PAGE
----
This question may grow more acute because of the sheer number of members the party now has. As Nzimande reminded us before the conference, the SACP now has 300,000 members. For a party to have such a large number of people and to then manage to negotiate leadership through different constituencies will perhaps be too much to ask for in the foreseeable future.
Considering some of the problems that the ANC has had with managing a large number of members, along with issues around factionalism and divisions, it is unlikely that the SACP will remain immune to the same issues.
It is possible, however, that the only reason the ANC has these problems is that it is much closer to power. If the SACP does not experience these problems it could also be a sign that people within the party do not believe positions are worth fighting over.
The fundamental dilemma
This gets to the heart of what may still be the party’s fundamental dilemma, which is, what is the best way to exert its power?
There is certainly evidence that it has had an influence in the alliance. The way the communists opposed and even defined State Capture during the period between 2015 and 2017 is testament to that influence. On the other hand, it was not able to stop State Capture from happening in the first place.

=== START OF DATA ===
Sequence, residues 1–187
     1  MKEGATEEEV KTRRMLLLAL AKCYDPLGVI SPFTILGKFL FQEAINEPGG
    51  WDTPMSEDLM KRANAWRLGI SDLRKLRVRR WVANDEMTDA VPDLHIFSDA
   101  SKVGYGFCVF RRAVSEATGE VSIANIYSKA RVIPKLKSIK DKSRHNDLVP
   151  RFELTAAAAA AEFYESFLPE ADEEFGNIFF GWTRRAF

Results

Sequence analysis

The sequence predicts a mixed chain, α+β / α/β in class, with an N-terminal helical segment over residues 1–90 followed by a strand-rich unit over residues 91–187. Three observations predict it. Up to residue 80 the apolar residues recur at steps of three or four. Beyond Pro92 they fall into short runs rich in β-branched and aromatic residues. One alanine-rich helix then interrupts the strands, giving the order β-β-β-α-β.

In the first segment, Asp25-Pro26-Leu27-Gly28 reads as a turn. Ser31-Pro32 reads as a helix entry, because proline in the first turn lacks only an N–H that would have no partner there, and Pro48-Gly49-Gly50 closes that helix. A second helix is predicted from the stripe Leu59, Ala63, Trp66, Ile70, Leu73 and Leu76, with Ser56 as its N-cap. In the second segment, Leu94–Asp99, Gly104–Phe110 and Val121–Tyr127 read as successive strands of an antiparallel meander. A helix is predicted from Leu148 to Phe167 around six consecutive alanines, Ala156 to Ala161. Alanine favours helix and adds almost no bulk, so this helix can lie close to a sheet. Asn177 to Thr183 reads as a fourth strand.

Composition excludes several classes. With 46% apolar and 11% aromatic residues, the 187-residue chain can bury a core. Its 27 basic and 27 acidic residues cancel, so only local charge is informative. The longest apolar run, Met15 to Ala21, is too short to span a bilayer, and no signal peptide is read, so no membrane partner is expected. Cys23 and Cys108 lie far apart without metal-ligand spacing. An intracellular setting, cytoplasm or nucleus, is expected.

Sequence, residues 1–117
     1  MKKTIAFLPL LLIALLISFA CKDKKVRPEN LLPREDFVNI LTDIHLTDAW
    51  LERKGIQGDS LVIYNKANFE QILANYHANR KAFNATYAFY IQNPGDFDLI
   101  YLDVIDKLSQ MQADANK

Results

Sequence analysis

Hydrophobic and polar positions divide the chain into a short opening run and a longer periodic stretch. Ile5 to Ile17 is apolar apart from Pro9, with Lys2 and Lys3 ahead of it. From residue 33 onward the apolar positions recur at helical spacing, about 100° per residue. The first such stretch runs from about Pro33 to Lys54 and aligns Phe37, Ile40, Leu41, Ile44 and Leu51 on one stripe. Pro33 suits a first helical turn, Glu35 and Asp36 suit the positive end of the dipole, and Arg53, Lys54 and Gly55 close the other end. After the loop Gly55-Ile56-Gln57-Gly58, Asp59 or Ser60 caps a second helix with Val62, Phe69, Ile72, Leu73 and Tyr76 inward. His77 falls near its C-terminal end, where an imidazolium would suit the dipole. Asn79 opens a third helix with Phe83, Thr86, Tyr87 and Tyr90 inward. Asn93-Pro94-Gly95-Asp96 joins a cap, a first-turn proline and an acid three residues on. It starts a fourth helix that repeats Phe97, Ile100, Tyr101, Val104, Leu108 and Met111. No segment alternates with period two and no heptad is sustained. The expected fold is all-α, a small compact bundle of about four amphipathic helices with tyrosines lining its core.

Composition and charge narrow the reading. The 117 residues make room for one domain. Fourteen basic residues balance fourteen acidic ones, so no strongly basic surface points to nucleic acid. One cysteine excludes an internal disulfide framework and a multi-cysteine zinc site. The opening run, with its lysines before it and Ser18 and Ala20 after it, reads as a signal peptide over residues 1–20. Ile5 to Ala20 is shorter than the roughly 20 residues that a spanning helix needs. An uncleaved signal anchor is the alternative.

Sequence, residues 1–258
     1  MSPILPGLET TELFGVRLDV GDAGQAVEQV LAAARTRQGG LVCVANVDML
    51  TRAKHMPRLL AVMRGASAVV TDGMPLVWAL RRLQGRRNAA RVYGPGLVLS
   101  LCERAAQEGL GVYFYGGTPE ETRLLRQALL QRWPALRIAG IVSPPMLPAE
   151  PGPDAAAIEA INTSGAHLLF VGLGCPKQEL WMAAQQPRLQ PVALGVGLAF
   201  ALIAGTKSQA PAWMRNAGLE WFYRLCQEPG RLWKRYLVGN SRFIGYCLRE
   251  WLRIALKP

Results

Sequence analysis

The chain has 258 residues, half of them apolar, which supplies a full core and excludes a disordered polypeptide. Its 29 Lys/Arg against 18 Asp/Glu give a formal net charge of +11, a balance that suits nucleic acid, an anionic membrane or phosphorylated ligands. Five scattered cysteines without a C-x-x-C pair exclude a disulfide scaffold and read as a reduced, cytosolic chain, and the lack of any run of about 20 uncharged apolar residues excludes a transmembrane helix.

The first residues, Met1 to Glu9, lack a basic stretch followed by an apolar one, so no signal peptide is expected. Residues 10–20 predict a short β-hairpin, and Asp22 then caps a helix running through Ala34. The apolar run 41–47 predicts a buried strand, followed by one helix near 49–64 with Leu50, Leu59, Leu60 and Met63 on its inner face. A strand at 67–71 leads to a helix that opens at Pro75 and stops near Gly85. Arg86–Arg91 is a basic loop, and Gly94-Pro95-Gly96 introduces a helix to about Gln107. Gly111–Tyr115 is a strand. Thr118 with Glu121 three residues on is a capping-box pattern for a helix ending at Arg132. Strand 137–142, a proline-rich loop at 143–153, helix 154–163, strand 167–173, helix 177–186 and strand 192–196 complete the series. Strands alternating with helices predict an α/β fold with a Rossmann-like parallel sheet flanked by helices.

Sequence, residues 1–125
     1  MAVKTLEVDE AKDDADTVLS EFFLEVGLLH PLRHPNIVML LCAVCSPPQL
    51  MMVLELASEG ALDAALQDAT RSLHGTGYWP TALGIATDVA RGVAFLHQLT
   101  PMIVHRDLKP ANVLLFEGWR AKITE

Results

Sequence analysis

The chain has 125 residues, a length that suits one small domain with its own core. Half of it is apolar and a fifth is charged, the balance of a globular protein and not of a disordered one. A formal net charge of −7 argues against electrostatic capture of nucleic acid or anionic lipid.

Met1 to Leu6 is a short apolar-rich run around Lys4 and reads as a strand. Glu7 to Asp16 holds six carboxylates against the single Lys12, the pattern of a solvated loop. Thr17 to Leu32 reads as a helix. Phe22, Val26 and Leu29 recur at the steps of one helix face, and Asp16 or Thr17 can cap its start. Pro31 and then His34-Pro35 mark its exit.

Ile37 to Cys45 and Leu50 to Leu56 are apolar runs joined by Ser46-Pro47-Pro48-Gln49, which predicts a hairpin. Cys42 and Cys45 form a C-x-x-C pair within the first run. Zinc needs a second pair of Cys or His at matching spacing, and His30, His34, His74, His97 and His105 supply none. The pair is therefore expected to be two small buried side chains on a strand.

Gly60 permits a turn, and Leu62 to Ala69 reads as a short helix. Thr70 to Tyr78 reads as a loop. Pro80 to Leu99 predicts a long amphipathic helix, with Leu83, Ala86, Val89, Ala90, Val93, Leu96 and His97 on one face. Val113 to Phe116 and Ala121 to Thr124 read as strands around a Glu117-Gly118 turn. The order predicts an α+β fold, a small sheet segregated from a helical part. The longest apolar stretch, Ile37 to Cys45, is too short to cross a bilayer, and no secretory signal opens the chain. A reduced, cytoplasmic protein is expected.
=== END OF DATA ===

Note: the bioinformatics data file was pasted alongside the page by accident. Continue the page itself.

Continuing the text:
Like many other organisations, the SACP appears to be very capable of diagnosing our problems, but finds it much harder to create workable solutions.
Many will have some sympathy for this simply because the choices that need to be made are very difficult.
For example, in its final conference declaration, the party says:
“It is critical to strengthen public financial institutions — the DBSA [Development Bank of Southern Africa], the IDC [Industrial Development Corporation], the Land Bank, the PIC [Public Investment Corporation], the Postbank, and provincial financial entities — to play a developmental role. This should be guided by a clearer mandating of the South African Reserve Bank to support the public development finance institutions.”